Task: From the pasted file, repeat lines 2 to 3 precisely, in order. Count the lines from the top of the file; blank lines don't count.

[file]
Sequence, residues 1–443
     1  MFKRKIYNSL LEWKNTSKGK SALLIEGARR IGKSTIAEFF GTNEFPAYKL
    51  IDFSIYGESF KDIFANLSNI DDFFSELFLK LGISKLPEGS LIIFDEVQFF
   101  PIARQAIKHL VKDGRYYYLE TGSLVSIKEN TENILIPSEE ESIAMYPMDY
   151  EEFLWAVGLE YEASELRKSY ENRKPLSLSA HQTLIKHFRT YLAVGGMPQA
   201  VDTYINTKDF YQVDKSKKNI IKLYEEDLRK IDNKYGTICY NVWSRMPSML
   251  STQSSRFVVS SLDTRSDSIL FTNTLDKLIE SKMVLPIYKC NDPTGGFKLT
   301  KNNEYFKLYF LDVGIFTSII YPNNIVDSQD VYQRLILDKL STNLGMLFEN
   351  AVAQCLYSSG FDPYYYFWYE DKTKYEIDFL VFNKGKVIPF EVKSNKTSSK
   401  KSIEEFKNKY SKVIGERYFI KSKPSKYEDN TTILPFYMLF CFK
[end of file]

     1  MFKRKIYNSL LEWKNTSKGK SALLIEGARR IGKSTIAEFF GTNEFPAYKL
    51  IDFSIYGESF KDIFANLSNI DDFFSELFLK LGISKLPEGS LIIFDEVQFF